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Thread: Humidifier ?

  1. #1

    Default Humidifier ?

    I already live in a humid climate, south Florida. Recently we had a snap of cool dry air, nothing severe, it was in the 50s and we had all the windows open so Iím sure the temperature was probably in the 50s indoors. The air was quite a bit dryer. In this transition my mandolin suddenly got some pretty marked fret buzz which shocked me. I have had guitars down here for over a decade and never noted any change. I took it down to the shop and it got a minor truss rod adjustment and the buzz went away. Iím am never going to tinker with a truss rod on my own. Is this a normal mandolin occurrence with weather changes ? Seems crazy to use a humidifier in this climate but is that what folks do in temperature fluctuations?

  2. #2
    Hack jeff_75's Avatar
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    Default Re: Humidifier ?

    Quote Originally Posted by Eclectic1 View Post
    Is this a normal mandolin occurrence with weather changes ? Seems crazy to use a humidifier in this climate but is that what folks do in temperature fluctuations?
    Could be. If the weather was the only variable that changed before the buzz started, humidity, or a rapid change thereof, is a likely culprit.

    Weather here in VA swings wildly. Case in point, Thursday it was in the 20s, today we’re close to 70. I have a whole-house humidifier built into the HVAC system that runs in the winter. That’s more for human comfort than instruments. In addition to that, I have a smaller humidifier AND dehumidifier in the music room to keep the levels more fine-tuned. I run the small humidifer often during colder snaps, and the dehumidifier often during the summer. You should buy a cheap hygrometer and keep an eye on it. They aren’t particularly accurate, but they’ll give you a ballpark, and more importantly, you can see big swings in humidity.
    "I'm a farmer with a mandolin and a high tenor voice."

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  4. #3
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    Default Re: Humidifier ?

    Could be a natural thing happening. First the colder air most likely influenced the change, but some truss rods change. My partners old Gibson guitar usually needs an adjustment a few times a year, We have a variable climate here, like Jeff. Humid in the summer, cold in the winter. Last week it was -40 today it is +40. I think also some headstocks vibrate more than others and I swear vibrate the nut loose, especially if the neck doesn't need much tension for the relief to be correct.
    THE WORLD IS A BETTER PLACE JUST FOR YOUR SMILE!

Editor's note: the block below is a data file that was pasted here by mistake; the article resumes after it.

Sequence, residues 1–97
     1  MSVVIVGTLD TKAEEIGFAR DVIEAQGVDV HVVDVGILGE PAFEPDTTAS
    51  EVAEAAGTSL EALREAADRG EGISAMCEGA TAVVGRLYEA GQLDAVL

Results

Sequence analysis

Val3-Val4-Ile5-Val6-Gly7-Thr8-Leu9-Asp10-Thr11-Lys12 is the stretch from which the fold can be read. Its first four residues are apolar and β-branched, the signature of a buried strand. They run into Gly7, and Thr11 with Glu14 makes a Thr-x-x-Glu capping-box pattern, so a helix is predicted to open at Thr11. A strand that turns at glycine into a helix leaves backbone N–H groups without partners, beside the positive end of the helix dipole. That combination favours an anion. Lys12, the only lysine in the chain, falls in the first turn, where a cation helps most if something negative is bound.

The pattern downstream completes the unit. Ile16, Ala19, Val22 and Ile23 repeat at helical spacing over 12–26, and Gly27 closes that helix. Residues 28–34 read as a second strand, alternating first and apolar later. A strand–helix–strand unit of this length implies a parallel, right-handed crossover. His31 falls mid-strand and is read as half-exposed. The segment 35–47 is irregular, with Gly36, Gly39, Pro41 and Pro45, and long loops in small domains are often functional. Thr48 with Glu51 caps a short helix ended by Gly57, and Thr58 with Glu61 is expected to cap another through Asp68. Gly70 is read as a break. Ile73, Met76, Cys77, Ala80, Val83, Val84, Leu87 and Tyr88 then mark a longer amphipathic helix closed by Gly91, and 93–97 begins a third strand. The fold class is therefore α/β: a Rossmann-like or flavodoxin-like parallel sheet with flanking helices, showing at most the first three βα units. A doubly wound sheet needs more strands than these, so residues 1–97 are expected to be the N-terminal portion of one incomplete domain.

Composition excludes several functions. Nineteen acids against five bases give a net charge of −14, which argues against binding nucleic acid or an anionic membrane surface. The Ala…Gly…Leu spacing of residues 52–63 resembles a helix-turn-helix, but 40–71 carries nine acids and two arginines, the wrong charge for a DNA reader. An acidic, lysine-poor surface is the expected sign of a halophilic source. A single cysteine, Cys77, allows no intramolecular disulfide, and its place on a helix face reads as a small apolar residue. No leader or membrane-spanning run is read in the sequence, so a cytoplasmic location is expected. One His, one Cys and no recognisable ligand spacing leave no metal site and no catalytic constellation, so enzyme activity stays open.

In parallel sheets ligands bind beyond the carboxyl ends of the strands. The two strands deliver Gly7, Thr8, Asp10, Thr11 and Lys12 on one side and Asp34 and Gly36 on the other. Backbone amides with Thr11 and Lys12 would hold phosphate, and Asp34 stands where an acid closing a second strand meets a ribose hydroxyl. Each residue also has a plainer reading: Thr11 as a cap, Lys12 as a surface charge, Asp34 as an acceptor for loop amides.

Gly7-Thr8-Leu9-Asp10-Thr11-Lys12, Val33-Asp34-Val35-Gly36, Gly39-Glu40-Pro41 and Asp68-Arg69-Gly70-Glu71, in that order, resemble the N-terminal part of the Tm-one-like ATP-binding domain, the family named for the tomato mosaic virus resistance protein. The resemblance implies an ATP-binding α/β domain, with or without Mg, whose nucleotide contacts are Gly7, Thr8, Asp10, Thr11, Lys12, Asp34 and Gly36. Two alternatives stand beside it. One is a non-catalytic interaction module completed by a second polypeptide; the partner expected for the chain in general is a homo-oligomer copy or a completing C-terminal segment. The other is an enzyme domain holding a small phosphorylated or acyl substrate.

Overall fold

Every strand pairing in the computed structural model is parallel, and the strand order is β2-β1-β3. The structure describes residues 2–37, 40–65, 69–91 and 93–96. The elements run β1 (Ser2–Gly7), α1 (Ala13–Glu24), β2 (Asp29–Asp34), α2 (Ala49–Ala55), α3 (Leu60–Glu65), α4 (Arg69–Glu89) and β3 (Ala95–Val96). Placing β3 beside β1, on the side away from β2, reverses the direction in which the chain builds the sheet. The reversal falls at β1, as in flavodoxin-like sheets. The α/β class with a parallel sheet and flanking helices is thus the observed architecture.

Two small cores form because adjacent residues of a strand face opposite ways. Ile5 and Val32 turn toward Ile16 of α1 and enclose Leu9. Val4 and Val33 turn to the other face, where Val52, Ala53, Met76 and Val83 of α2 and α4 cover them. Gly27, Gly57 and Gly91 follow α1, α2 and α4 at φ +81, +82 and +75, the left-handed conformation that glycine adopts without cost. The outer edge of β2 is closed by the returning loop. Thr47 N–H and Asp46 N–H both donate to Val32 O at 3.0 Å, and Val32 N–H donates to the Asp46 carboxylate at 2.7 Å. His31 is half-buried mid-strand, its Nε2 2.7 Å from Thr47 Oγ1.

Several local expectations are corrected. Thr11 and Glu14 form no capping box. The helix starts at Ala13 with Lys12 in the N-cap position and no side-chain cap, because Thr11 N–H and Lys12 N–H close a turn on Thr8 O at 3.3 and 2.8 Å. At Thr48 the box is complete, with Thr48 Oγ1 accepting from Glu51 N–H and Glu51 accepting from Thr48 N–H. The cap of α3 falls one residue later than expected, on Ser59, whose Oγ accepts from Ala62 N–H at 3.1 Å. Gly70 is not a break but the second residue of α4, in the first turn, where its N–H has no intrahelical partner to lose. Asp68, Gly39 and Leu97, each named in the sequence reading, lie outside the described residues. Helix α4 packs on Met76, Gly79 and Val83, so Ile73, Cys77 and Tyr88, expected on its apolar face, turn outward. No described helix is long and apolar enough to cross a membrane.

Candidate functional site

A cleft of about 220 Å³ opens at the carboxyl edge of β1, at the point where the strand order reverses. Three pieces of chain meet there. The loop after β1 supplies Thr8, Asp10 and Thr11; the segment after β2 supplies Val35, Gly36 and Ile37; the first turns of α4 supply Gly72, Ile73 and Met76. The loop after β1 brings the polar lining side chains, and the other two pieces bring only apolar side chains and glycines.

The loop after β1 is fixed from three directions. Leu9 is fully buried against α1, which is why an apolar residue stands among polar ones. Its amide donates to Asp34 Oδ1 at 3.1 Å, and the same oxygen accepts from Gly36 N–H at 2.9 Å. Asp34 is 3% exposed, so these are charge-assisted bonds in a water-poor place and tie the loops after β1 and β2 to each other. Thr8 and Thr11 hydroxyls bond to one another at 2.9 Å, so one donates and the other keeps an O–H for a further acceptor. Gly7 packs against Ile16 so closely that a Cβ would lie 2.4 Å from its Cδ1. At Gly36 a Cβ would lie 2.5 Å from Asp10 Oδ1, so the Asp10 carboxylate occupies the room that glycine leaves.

5. #4

    Default Re: Humidifier ?

    What you describe is exactly what a truss rod is for.

    I like this article from Bruce Weber:

    https://www.montanalutherie.com/pain...ust-truss-rod/

    But even reading this, I still had no idea what to look for, do I need to give it more relief, or reduce it? Looking down the neck, I just saw a straight line. I remember someone saying "you see that slight hump there" when I brought a mando in for work a couple years back. "Nope" I said.

    Having recently had my octave in for a setup, I think I finally know what proper neck relief looks like.

    This is also really helpful, found this a couple months ago when I was busy mucking around, making my MTO unplayable (lol).

    Click image for larger version. 

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  6. #5

    Default Re: Humidifier ?

    Quote Originally Posted by Gary Leonard View Post
    What you describe is exactly what a truss rod is for.

    I like this article from Bruce Weber:

    https://www.montanalutherie.com/pain...ust-truss-rod/

    But even reading this, I still had no idea what to look for, do I need to give it more relief, or reduce it? Looking down the neck, I just saw a straight line. I remember someone saying "you see that slight hump there" when I brought a mando in for work a couple years back. "Nope" I said.

    Having recently had my octave in for a setup, I think I finally know what proper neck relief looks like.

    This is also really helpful, found this a couple months ago when I was busy mucking around, making my MTO unplayable (lol).

    Click image for larger version. 

Name:	setup.jpg 
Views:	25 
Size:	198.4 KB 
ID:	174604
    That’s funny ! People always try to show me the neck and I can’t really tell if the neck is straight or not.... further I would be petrified to even think about adjusting thr truss rod. I have seen guitar necks blown out before. Luckily the shop I got it from is very helpful fixing things like this. So .... now that he turned it to get rid of the buzz ...I wonder if it will need to be turned back when the weather turns.

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    Default Re: Humidifier ?

    Neck relief for a guitar is a completely different thing than for a mandolin. A mandolin rarely needs relief and can usually be played flat. The truss rod adjusts that relief. I sometimes, when doing fret levels on my mandolins, put a very slight amount on the G side only so I can have a lower action. having hand problems I prefer a very low action and this helps some.
    THE WORLD IS A BETTER PLACE JUST FOR YOUR SMILE!

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